– The Focused Ultrasound Foundation and the Children’s Tumor Foundation (CTF) have established a partnership to advance innovative, noninvasive treatments in pediatrics. For more than 15 years, the Focused Ultrasound Foundation has been dedicated to advancing the development and adoption of focused ultrasound. Likewise, for over 40 years, CTF has been a leader in driving research, expanding knowledge, and advancing care for the neurofibromatosis community.
Liquid biopsy is a less-invasive method to analyze non-solid tissue, most commonly blood, to diagnose and monitor cancer. Early data suggest focused ultrasound can amplify the presence of biomarkers, making them easier to detect and measure in the bloodstream. BloodPAC partnered with the Foundation and C2i Genomics to host a virtual workshop, “New Frontiers in Liquid Biopsy: Personalized Medicine for Brain Cancer”.
Key Points Dr. Choy is Senior Vice President and Deputy Chief Medical Officer of Clinical Systems in the Office of Medical Affairs at UnitedHealth Group.He previously served as faculty at Harvard Medical School.The Council provides strategic advice, assists with raising funds, and builds awareness. Garry Choy, MD, MBA The Foundation is pleased to welcome Garry Choy, MD, MBA, to the Foundation’s Council, a dedicated group of goodwill ambassadors who work closely with the Board of Directors and staff to provide strategic advice and assist with building awareness, establishing relationships, and raising funds.Dr. Choy is Senior Vice President and Deputy Chief Medical Officer of Clinical Systems in the Office of Medical Affairs at UnitedHealth Group, a multinational managed healthcare and insurance company based in Minnesota. In this role, he focuses on advancing the application of clinically focused technology for the enterprise.Dr. Choy has led innovations in clinical quality improvement and decision support, provider data management, credentialing, population health, analytics, and machine learning at organizations including Massachusetts General Hospital and CredSimple/Andros.He previously served as faculty at Harvard Medical School and completed his clinical training at Massachusetts General Hospital and Brigham and Women’s Hospital.“Garry brings a unique understanding of medicine and the intricate world of reimbursement that is invaluable as the field of focused ultrasound moves toward commercialization,” said Foundation Chairman Neal F. Kassell, MD. “He has a passion for using innovative technologies to improve quality and access of care while decreasing costs for patients, and focused ultrasound is a prime example of one of these groundbreaking innovations. With clinical research at an all-time high, the success of the field is increasingly dependent on patient access, and Garry will be a great resource as the Foundation seeks to help break down some of the barriers.”Dr. Choy received his BS in Chemical Engineering from Columbia University, MS in Operations Research and Economic-Engineering Systems from Stanford University, and MBA from Johns Hopkins University.“I am excited to join this esteemed organization to help in the journey of value-driven advancement of focused ultrasound, a prime example of a key important novel and emerging medical technology platform,” said Dr. Choy.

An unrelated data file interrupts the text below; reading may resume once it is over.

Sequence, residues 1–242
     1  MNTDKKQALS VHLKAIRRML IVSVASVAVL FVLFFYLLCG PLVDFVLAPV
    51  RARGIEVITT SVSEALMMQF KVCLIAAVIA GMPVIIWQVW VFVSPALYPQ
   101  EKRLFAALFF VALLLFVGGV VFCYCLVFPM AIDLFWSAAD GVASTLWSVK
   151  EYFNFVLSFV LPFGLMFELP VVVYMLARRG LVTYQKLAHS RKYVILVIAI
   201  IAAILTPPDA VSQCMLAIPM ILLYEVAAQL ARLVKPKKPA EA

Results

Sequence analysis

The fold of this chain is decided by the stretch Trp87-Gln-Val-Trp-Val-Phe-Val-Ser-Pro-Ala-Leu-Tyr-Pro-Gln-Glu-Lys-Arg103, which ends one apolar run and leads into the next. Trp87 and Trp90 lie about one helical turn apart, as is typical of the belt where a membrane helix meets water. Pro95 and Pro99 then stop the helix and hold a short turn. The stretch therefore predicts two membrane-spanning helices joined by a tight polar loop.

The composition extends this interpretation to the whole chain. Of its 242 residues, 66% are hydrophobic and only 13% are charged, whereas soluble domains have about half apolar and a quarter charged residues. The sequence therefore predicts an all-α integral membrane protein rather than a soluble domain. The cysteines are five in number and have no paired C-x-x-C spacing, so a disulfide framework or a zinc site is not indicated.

Key Points The Foundation hosted a local awareness event for supporters and friends in the community.Presentations covered current research for brain tumors, psychiatric conditions, Parkinson’s disease, and Alzheimer’s disease. On June 8, the Foundation hosted a local awareness event in Charlottesville, Virginia, to educate and raise awareness about focused ultrasound, with a particular spotlight on its impact on brain conditions.The event convened members of the Foundation’s Board of Directors, Council, and staff, as well as focused ultrasound researchers, donors, and community members. In all, more than 100 people were in attendance.The program began with a welcome by Foundation Chairman, Neal F. Kassell, MD, who shared a brief overview of the state of the field of focused ultrasound research.Lauren Powlovich, MD, the Foundation’s Associate Chief Medical Officer, then presented the current research in focused ultrasound for brain tumors. She discussed ongoing work for both benign and malignant tumors and addressed where focused ultrasound could make the biggest impact – for deadly, hard-to-treat tumors like glioblastoma (GBM) and diffuse intrinsic pontine glioma (DIPG). She also reviewed how focused ultrasound could be combined with other therapies to improve their efficacy.Rees Cosgrove, MD, director of epilepsy and functional neurosurgery at Brigham and Women’s Hospital, then addressed the state of research of focused ultrasound for psychiatric disorders like obsessive-compulsive disorder (OCD) and treatment-resistant depression (TRD). He began by describing the symptoms of each condition and traditional therapies, including surgical interventions, which are considered a last resort. He shared the story of a 24-year-old patient who suffered from severe OCD and TRD who was able to overcome his disease following gamma knife treatment. Dr. Cosgrove then addressed the advantages that focused ultrasound has over gamma knife therapy and how focused ultrasound could play a role in treating these patients. Finally, Paul Fishman, MD, PhD, professor of neurology, pharmacology, and neurobiology at the University of Maryland School of Medicine, addressed two common degenerative conditions – Alzheimer’s disease (AD) and Parkinson’s disease (PD). He explained the history of treating PD, compared traditional treatments to focused ultrasound, and outlined the different areas in the brain that focused ultrasound researchers are targeting to treat patients with PD. For AD, Dr. Fishman discussed how focused ultrasound–induced blood-brain barrier opening – alone or in combination with drug therapies – might hold the answer to the devastating disease.The program closed with a lively Q&A session.“These events are invaluable to the Foundation’s mission of raising awareness of focused ultrasound,” said Dr. Kassell. “It is important to update our friends and supporters on the latest breakthroughs and bring them together with the experts in the field who are pioneering this research. We hope everyone left with a sense that the field is expanding rapidly in really meaningful areas that will impact patients’ lives.”